From more than 17,000 feet in the air, it can see an object as small as six inches, tracking people and vehicles across an entire city. But the latest government-funded surveillance technology might be a violation of the Constitution if it is deployed in the United States, according to civil liberties groups.
Late last month, an episode of PBS’s series NOVA, “Rise of the Drones,” revealed for the first time the capabilities of an “ARGUS-IS”—the world’s highest resolution camera. Funded by the Pentagon’s research unit DARPA, the 1.8 gigapixel ARGUS was designed to be used on drones to monitor events on the ground below. It was developed by Jiannis Antoniades, an engineer with the defense firm BAE Systems, who told Nova the technology uses a “persistent stare” that is equivalent of having 100 Predator drones look at an area the size of a medium city at once. Merging together 368 separate image chips to create a single giant picture, it can save up to 1 million terabytes of data each day—that’s the equivalent of about 5,000 hours of high-definition footage—enabling the drone operator to “go back in time” to hone in on a particular event in a specific time or place. And perhaps most significantly, it can also automatically track “everything that is a moving object.”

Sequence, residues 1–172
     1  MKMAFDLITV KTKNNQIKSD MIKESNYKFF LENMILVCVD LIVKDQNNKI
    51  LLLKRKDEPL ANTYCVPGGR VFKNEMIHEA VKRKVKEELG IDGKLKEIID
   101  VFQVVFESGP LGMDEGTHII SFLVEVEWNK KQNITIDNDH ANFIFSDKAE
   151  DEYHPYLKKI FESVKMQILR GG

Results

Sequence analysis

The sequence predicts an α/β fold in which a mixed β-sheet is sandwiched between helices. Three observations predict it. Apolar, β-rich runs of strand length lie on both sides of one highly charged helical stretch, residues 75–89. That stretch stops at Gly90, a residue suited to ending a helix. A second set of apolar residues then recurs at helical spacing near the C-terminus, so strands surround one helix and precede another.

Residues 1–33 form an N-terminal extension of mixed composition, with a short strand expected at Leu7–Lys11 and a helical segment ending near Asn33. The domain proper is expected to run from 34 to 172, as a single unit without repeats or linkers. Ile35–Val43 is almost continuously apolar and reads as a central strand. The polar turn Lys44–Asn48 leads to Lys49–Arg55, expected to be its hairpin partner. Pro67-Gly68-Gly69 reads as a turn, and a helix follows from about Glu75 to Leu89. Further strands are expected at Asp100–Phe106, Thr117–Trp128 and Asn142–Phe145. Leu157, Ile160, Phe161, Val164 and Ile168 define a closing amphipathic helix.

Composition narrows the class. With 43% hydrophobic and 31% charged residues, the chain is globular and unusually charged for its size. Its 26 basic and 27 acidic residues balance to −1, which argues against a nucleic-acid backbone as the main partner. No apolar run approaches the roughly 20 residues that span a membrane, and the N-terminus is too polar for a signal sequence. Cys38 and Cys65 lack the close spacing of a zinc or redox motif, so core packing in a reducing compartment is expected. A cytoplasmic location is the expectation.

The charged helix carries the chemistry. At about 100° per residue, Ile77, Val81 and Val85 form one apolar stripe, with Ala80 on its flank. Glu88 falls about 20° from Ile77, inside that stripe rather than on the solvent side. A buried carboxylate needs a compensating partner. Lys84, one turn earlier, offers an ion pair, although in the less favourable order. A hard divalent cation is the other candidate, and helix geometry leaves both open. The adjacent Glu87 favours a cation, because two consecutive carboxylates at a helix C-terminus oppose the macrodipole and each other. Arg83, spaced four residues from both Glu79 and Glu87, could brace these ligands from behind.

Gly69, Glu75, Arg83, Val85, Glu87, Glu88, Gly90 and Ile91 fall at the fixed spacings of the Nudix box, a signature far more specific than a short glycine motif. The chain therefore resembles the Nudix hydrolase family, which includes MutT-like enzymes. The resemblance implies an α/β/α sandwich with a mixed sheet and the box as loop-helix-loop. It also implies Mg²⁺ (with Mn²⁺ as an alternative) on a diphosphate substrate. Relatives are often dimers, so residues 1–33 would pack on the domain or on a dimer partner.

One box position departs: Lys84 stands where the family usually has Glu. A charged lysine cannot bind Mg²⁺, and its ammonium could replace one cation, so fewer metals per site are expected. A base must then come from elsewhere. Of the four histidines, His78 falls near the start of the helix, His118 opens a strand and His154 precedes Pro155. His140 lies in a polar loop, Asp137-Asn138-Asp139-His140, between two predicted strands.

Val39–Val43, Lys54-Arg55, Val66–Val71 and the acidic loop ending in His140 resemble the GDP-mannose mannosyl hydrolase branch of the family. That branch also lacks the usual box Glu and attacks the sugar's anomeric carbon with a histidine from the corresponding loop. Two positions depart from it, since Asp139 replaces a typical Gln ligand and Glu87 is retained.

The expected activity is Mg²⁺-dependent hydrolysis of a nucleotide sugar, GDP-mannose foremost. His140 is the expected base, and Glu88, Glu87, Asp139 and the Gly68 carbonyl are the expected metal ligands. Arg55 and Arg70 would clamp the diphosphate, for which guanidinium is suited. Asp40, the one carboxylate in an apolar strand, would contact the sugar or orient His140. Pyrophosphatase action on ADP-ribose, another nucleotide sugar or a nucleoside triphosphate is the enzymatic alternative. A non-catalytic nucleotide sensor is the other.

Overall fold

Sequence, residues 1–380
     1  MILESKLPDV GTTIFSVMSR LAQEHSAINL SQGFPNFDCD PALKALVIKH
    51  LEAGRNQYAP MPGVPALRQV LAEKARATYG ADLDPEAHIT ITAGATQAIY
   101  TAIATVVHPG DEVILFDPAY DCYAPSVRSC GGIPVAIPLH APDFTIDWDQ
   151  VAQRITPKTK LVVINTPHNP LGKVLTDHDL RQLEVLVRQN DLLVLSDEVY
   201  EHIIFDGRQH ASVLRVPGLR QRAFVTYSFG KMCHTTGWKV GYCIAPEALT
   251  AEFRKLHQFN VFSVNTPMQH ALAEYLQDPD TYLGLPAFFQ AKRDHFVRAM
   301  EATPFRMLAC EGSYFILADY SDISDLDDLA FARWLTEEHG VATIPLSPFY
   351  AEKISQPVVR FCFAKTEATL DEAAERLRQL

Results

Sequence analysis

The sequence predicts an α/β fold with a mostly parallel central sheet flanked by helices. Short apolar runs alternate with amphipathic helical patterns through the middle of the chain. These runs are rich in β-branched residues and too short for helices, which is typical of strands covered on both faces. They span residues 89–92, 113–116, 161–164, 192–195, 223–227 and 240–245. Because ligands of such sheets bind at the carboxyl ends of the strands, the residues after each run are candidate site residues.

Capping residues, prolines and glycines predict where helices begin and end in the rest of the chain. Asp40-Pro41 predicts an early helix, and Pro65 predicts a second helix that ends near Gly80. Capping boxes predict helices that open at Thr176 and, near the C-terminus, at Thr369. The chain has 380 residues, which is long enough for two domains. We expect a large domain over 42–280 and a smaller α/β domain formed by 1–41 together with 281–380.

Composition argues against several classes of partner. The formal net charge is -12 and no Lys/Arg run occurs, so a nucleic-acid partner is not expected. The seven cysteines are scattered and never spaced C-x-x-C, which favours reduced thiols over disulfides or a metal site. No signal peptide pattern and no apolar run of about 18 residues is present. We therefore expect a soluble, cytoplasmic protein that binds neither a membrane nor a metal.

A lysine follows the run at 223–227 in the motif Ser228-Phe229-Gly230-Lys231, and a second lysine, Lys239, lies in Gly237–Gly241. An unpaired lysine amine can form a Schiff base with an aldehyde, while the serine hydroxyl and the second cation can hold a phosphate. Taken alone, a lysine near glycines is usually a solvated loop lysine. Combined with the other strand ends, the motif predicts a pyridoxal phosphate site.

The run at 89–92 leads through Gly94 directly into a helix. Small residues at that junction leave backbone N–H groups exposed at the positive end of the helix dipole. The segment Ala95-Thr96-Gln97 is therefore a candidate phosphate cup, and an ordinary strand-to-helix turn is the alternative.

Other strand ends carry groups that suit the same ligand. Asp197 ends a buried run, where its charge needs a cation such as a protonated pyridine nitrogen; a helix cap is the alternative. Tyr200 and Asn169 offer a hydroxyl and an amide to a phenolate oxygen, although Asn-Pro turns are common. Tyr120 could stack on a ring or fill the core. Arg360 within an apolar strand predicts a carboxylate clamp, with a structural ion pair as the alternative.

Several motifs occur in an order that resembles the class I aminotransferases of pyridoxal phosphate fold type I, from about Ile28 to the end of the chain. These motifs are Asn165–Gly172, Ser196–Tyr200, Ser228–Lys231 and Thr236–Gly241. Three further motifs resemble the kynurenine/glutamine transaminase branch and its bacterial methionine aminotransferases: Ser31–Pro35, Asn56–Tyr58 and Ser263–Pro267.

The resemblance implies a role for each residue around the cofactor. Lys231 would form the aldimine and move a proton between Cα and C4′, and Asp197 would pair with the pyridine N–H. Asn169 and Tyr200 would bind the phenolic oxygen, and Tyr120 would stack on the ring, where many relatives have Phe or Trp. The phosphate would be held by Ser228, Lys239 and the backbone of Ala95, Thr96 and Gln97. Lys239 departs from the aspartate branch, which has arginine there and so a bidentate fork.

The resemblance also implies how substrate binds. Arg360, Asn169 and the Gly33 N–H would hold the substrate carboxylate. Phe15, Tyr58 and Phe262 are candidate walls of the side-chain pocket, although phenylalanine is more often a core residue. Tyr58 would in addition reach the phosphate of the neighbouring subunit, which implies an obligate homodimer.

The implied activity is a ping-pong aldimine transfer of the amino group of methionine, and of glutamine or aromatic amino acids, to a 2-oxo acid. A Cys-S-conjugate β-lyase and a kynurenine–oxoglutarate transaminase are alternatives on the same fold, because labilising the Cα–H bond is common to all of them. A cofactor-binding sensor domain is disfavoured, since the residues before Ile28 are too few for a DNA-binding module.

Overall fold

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A constant eye in the sky hovering above a city, able to track movements and zoom in on any area in the past or present, could be powerful a powerful tool not just for the military in warzones—but for law enforcement agencies domestically. However, Jay Stanley, senior policy analyst for the ACLU, believes if the camera were to be deployed in the United States, it would raise legal questions. “We hope that the courts will recognize that the Fourth Amendment should provide protection from the kind of suspicionless tracking that this technology makes possible,” he told me.
Courts have previously ruled that there is no reasonable expectation of privacy in public places when it comes to surveillance. But location-tracking technologies and license-plate scanners allow for a new kind of ubiquitous retroactive monitoring by law enforcement that privacy advocates believe should require a search warrant authorized by a judge. According to Jennifer Lynch, staff attorney with the Electronic Frontier Foundation, a landmark Supreme Court judgment last year on GPS trackers may have a future bearing on the use of surveillance equipment like the ARGUS in the United States. The judgement in U.S. v. Jones held that law enforcement use of GPS devices to monitor movements constitutes a ‘search,’ making it difficult for police to put a tracker on a car without first obtaining a warrant because it falls under the Fourth Amendment’s protections against unreasonable searches and seizures.
“This kind of tracking from cameras could raise the same concerns,” says Lynch. “If the cameras are never turned off and they are able to cover the area of a city and you're able to pick out a specific person or even a specific car—that's really problematic.”
Whether the ARGUS will be deployed on American soil in the foreseeable future is anyone’s guess. The technology is highly secretive; in the PBS broadcast, the engineer wouldn’t comment on deployment because he said it was “classified.” Either way, it’s almost certain to ramp up privacy concerns already simmering among lawmakers, who were last week warned about how drones could be used for stalking and voyeurism.
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